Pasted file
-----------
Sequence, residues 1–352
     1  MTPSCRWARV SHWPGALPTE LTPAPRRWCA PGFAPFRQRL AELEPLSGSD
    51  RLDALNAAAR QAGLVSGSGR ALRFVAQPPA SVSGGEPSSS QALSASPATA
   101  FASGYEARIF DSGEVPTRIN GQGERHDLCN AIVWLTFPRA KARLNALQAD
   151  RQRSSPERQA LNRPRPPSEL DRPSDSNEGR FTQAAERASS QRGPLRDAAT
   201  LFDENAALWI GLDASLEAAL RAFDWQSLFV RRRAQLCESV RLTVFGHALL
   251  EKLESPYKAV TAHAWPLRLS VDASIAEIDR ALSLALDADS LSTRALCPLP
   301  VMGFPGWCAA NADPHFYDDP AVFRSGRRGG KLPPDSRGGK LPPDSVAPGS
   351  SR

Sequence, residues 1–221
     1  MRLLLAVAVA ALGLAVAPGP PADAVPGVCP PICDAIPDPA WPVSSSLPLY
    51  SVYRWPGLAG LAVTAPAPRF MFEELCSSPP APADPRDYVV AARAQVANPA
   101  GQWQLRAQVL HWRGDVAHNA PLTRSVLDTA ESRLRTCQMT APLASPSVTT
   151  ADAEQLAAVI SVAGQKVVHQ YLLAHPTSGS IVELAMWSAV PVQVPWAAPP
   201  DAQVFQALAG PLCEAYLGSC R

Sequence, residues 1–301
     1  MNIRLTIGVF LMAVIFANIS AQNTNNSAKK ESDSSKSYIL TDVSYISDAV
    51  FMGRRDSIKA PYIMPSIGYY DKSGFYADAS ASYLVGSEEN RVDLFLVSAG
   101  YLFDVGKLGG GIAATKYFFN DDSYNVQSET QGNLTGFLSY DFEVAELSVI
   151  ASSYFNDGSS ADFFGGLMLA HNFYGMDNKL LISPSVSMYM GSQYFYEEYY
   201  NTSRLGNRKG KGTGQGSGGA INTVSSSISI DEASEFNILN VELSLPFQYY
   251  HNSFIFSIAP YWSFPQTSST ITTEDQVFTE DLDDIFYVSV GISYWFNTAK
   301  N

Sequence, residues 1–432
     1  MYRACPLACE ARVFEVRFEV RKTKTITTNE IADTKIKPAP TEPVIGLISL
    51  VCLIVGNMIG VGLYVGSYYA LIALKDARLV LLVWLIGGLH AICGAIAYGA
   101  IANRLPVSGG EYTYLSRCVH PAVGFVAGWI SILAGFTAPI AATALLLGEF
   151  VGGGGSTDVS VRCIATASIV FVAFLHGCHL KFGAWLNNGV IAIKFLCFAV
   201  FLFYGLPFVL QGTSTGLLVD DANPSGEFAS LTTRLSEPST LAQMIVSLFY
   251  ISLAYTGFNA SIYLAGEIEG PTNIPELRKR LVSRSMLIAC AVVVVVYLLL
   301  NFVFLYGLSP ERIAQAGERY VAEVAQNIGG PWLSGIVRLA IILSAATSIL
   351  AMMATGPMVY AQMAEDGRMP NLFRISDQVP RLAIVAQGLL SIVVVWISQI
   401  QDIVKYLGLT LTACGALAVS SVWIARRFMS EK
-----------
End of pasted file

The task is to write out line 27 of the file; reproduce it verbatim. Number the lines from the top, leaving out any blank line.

   101  IANRLPVSGG EYTYLSRCVH PAVGFVAGWI SILAGFTAPI AATALLLGEF